Jerry West on Draymond Green: 'If he’s not a top-10 player in this league, I don’t know who is'

Ball Don't Lie
Draymond Green puts five and five together. (Getty Images)
Draymond Green puts five and five together. (Getty Images)

Not satisfied with breaking the record for most consecutive wins to start an undefeated season, and unabashed by the pressure that hits hard when all manner of NBA league observers expect you to win 73 (or more?) games in a season, the Golden State Warriors are now forcing us to talk up their individual exploits.

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Not whether Stephen Curry will defend his MVP crown, as that seems like a given even just one month into the season. And we’re not even pondering the idea that Luke Walton and Steve Kerr could eventually split Coach of the Year honors. Nah, we’re wondering if Draymond Green – never an All-Star, not even a starter until 13 months ago – is one of the top 10 players in the NBA.

He didn’t say it. I didn’t say it. Luke Walton and Steph Curry didn’t mention it.

Jerry West brought it up, and that’s why we listen. From Rusty Simmons at the San Francisco Chronicle:

Warriors executive board member Jerry West, who averaged 25.8 points and a league-leading 9.7 assists on the 71-72 Lakers’ team, doesn’t think its 33-game win streak is in jeopardy. But he left open the possibility.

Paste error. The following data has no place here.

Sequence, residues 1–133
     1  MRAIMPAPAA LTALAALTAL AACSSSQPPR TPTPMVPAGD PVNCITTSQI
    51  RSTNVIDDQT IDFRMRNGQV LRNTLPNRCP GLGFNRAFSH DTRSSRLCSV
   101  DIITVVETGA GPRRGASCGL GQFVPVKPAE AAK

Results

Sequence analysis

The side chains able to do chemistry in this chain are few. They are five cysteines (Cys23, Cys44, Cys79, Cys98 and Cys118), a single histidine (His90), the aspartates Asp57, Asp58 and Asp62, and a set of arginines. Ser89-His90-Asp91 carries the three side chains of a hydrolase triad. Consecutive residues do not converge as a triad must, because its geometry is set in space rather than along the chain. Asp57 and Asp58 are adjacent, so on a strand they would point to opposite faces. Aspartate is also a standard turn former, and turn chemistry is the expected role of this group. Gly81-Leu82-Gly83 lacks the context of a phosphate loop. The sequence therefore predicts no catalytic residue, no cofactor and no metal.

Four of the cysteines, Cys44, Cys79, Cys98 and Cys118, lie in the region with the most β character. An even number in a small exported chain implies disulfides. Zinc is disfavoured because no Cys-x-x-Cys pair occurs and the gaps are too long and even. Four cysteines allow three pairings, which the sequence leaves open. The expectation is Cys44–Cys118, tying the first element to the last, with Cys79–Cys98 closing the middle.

“We have two of the top-10 players in the league,” West told KNBR on Wednesday, knowing he didn’t need to explain Curry. “Draymond Green is the second one. He’s the most underrated player in the NBA, period. There are very few players I think anyone in our organization would trade for him. He’s just a remarkable player.

“If he’s not a top-10 player in this league, I don’t know who is.”

Hmm. I mean … hmm. This might not be all that crazy.

West might be a part of the Golden State front office, but he’s also a dogged competitor that no doubt wants to preserve the impact of his 1972 Lakers’ NBA record 33 straight wins, a mark the Warriors would still need another 38 days (and 18 wins) to break. The mere idea that someone like Mr. West is even tolerating these questions (and that’s not a shot at the Chronicle and Rusty Simmons, who is great!) speaks to how legitimately brilliant these Warriors are.

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Currently, Bovada betting lines give the Warriors 10/1 odds to top 33 wins in a row, and 5/1 odds to break Chicago’s record for wins in a season. This is all very do-able.

Is Draymond Green a top 10 player, though?

Even in a team sport that relies heavy on individual play, ranking players is a bit silly – and this is coming from someone that often has to do it for a living. Green, however, is averaging 12.7 points on 48 percent shooting (he’s 14th in Effective Field Goal percentage, quite nice for a defense-first guy), with 7.8 rebounds, 6.6 assists from the power forward (and sometimes center) position, and a combined 2.5 steals/blocks in just 33 minutes a night. His 18.6 Player Efficiency Rating is darn good, but hardly at the same levels that you see from the usual top 10 suspects (he’s only tied for third on the Warriors).